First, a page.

E-Cigarette Ads Reach 70 Per Cent Of American Teenagers: CDC Survey

E-Cigarette Ads Reach 70 Per Cent Of American Teenagers: CDC Survey

Marketers of e-cigarettes are reaching nearly 70 per cent (an estimated 18.3 million) of middle and high-school students in the US, according to a study by the US Center for Disease Control and Prevention (CDC).

According to the report, e-cigarette sales have grown exponentially, hitting an estimated US$2.5 billion last year. The CDC states e-cigarette advertising  expenditures has also increased dramatically, from an estimated $6.4 million in 2011 to an estimated $115 million in 2014.

This increase in e-cigarette marketing has resulted in over two-thirds of U.S. teenagers being exposed to product advertising. The CDC argues this is prompting more teens to use the devices and threatening decades of progress in combating youth tobacco use. In the US e-cigarettes currently don’t face the same advertising restrictions which apply to traditional cigarettes.

Retail stores were the most frequently reported exposure source (54.8 per cent of respondents, or an estimated 14.4 million students), followed by the Internet (39.8 per cent, 10.5 million), TV and movies (36.5 per cent, 9.6 million), and newspapers and magazines (30.4 per cent, 8.0 million). Exposure to e-cigarette advertisements on the Internet and in newspapers and magazines was reported more frequently by females than males.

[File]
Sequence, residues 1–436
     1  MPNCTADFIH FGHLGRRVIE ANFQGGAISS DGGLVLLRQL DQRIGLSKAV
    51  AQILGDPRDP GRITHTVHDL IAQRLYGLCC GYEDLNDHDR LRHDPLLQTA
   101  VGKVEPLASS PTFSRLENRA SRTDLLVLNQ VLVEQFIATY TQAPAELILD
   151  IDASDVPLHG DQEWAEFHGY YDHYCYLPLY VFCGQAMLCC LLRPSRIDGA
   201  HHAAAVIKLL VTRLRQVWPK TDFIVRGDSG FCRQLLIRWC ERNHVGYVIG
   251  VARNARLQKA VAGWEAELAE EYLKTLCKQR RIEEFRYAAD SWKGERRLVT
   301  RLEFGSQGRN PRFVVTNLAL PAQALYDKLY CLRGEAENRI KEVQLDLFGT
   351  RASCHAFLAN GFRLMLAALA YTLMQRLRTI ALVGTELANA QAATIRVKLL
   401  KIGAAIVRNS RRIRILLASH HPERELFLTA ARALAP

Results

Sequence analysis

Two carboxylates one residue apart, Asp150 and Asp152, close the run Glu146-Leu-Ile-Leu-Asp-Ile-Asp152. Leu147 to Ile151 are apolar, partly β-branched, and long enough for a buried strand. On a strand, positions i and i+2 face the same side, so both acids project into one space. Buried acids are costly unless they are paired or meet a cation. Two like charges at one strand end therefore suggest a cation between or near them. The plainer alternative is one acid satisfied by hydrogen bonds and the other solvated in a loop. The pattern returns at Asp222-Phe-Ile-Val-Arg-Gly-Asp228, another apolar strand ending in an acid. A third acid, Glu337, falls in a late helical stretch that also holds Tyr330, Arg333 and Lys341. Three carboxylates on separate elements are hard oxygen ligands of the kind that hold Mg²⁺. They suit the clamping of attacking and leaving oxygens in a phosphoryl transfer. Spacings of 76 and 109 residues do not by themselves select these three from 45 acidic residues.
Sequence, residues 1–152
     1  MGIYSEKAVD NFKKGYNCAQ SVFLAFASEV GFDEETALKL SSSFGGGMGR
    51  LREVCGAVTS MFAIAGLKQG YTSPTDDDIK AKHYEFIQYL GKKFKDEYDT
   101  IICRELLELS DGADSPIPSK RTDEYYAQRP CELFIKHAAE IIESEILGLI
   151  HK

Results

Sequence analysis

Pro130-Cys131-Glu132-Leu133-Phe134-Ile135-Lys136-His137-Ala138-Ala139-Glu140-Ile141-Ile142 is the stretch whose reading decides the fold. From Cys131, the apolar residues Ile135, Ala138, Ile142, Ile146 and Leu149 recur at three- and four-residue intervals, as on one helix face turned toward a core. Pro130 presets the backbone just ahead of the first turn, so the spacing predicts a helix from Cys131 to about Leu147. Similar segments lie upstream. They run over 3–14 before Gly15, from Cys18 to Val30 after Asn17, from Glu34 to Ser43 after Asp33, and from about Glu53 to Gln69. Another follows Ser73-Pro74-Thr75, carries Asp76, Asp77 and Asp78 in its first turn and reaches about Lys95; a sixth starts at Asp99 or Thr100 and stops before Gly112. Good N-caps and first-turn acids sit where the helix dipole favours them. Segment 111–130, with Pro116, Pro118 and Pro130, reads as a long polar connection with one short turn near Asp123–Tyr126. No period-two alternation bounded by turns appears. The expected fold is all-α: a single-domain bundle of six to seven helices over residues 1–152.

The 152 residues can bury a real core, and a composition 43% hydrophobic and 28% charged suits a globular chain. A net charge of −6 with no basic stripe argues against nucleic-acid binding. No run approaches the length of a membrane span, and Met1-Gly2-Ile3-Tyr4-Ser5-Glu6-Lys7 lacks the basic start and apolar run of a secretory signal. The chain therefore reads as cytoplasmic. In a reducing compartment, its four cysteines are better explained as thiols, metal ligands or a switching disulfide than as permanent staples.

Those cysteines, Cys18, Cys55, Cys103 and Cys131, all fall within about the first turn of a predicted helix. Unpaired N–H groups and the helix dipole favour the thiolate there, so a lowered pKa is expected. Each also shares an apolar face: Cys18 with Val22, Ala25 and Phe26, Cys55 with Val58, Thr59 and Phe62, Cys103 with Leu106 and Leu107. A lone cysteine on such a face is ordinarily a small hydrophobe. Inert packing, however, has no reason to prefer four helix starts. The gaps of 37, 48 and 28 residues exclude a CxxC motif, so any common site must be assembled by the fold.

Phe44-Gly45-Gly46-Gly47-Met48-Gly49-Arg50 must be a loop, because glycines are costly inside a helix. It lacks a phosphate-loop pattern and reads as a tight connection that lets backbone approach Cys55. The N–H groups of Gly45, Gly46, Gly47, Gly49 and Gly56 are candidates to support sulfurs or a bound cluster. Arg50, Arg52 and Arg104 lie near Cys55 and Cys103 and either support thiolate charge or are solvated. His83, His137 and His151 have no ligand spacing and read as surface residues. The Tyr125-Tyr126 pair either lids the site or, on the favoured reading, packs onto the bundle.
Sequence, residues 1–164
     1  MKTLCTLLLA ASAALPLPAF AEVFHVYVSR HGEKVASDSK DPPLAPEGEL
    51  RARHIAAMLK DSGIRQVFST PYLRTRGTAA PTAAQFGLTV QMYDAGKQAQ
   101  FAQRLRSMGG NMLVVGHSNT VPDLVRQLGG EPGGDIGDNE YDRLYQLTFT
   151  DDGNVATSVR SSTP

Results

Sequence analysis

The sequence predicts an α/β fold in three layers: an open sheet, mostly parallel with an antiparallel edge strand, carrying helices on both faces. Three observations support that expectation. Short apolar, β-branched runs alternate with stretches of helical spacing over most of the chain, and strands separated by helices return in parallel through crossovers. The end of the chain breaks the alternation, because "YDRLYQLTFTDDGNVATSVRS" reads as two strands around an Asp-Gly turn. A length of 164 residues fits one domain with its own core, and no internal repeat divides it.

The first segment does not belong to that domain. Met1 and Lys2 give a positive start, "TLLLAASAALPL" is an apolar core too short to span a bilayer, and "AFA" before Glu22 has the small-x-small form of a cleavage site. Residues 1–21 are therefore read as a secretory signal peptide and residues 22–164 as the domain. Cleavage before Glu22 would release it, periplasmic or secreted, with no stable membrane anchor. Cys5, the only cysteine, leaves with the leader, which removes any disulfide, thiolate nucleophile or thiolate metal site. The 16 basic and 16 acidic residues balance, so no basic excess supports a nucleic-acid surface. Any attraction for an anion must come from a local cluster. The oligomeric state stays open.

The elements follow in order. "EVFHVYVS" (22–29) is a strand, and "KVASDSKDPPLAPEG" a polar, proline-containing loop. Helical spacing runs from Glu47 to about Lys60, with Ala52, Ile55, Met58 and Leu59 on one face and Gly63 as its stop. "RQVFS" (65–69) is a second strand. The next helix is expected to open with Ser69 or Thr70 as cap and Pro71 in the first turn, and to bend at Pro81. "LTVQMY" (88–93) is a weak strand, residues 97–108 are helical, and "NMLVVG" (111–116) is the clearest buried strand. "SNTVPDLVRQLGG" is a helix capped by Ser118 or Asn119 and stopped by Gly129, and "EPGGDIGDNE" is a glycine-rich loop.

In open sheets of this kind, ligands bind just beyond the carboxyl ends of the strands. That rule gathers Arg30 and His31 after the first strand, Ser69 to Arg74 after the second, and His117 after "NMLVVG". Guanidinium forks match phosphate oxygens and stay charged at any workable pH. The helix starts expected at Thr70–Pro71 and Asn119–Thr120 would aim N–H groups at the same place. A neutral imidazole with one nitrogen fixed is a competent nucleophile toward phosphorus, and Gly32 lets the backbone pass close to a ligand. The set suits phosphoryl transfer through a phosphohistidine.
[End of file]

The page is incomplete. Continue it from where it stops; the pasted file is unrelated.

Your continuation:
“It’s the Wild West out there when it comes to e-cigarette advertising,” said Tom Frieden, director of the CDC. “It’s no coincidence that as the advertising has skyrocketed, the use of e-cigarettes has skyrocketed. This is a problem. Whatever you think about adult use of e-cigarettes, kids should not be using e-cigarettes.”

In response to the CDC’s findings, the Smoke-Free Alternatives Trade Association (SFATA), the industry body representing vapor companies issued a statement. “The CDC’s survey on teen use of e-cigs itself is flawed and provides no evidence that vapor products lead to continued use among minors and raises questions about the data collection methodology. While teens may potentially experiment, it’s vital that parents and guardians talk to their children about not using any age-restricted products.

“The vapor industry always has supported age restrictions on vapor products. These are adult products, sold to adults by adults.”




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